Ed ThumCurrently most college students learn core development skills by working on individual projects. But when those students eventually go to work for a larger software company, they will inevitably be part of a team of programmers, working on one small slice of a much bigger pie. While some students do have an opportunity to work on a group project while in school, many do not get exposure to modern collaboration practices.

IBM is helping to rectify this situation with a new offering -- specifically for academics -- called “JazzHub.” JazzHub (currently in beta) is essentially IBM’s flagship collaborative development software (Rational Team Concert) hosted in the cloud. Since its announcement in early June, professors from over 25 institutions spanning nine countries have been admitted into the beta to evaluate the new offering for their classroom usage.

In a typical university deployment, professors or IT administrators at the universities often take it upon themselves to deploy a source code management system – of course that requires not only hardware, but also administrative overhead. With JazzHub, students and professors can start a new project with just a few clicks.

One of the larger deployments of the JazzHub will take place in Italy; Professor Paolo Maresca from Università di Napoli Federico II recently spearheaded a Rational Team Concert initiative over the last two years. Professor Maresca and his colleague, Ferdinando Gorga, launched the project in an effort to give students an opportunity to use real-world collaborative tools in a classroom environment. To date, more than 800 students are using Rational Team Concert on the locally hosted servers in a multi-campus deployment.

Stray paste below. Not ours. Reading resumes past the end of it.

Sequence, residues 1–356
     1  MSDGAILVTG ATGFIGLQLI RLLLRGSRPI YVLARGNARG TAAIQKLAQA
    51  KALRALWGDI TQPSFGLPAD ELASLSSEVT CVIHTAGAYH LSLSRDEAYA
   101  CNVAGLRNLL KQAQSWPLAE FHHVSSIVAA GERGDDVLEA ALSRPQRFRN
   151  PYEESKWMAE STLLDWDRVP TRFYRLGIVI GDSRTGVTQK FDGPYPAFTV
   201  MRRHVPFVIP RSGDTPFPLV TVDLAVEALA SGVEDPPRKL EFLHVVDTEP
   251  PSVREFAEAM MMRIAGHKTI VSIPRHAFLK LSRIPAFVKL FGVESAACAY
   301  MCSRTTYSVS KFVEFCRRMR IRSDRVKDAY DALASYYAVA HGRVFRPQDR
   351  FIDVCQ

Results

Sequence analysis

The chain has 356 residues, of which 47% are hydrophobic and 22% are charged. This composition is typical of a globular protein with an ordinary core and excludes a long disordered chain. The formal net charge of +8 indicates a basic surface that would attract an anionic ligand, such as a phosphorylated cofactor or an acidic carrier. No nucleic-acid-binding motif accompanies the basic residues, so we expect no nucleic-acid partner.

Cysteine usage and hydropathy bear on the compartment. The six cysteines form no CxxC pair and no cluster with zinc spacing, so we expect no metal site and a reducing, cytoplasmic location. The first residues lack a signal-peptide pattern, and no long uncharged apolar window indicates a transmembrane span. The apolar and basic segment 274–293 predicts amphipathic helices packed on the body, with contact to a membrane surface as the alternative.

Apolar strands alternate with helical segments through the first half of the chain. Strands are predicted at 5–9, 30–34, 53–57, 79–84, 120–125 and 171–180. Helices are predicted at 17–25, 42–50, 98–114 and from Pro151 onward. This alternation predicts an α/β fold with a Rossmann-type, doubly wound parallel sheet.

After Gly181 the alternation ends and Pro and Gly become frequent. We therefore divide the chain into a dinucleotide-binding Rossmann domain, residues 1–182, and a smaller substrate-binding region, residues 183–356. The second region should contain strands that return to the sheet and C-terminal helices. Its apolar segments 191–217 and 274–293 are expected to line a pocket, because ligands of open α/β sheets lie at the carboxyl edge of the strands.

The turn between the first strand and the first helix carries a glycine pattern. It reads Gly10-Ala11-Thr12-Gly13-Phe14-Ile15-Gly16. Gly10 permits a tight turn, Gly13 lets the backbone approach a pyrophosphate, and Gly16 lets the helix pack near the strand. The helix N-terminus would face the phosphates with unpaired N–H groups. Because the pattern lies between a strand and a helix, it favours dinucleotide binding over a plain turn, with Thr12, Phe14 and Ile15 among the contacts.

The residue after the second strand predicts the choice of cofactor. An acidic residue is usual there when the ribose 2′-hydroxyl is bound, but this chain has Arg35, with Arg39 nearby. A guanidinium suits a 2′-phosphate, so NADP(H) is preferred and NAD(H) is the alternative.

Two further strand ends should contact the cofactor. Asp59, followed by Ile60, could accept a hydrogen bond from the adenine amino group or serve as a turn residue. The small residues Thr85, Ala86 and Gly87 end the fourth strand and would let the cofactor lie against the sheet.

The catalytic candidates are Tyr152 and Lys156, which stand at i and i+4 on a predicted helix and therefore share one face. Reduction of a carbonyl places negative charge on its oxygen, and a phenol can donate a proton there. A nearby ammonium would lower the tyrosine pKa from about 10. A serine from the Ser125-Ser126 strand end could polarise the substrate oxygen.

When IBM announced the JazzHub in June, Professor Maresca was one of the first to join the beta program. He is actively evaluating the system, and hopes to begin moving students from the locally hosted server to the cloud-hosted JazzHub in the upcoming school year. To date, 33 professors from 26 schools across 12 countries have been admitted to the beta since early June. These professors share a common goal of offering a real-world collaborative environment for their students. Having this option on the cloud removes some of the biggest hurdles – hardware and administrative resources – and allows teachers to focus more on their students, and less on server administration.

IBM has deep roots with of cloud-based solutions, even in academia. For example, IBM teamed with North Carolina State University to create the Virtual Computing Lab. Through the NCSU implementation of VCL, over a quarter-million students at 29 institutions in the North Carolina university system have access the images hosted at NCSU. But the opportunity to leverage VCL images isn’t just limited to schools in North Carolina. Recently the source code for VCL was handed off to the Apache Software Foundation – giving any school the ability to build a similar system.

Another example is the “Academic Skills Cloud.” Currently only open to schools in the U.S., the Academic Skills Cloud offers online server instances which can run images of a vast catalog of IBM software. Just like with JazzHub, with its cloud delivery model, the Academic Skills Cloud removes many of the traditional roadblocks to faculty to accessing the software.

Edward Thum is the Program Director for Product Marketing for IBM Rational's Application Lifecycle Management offerings.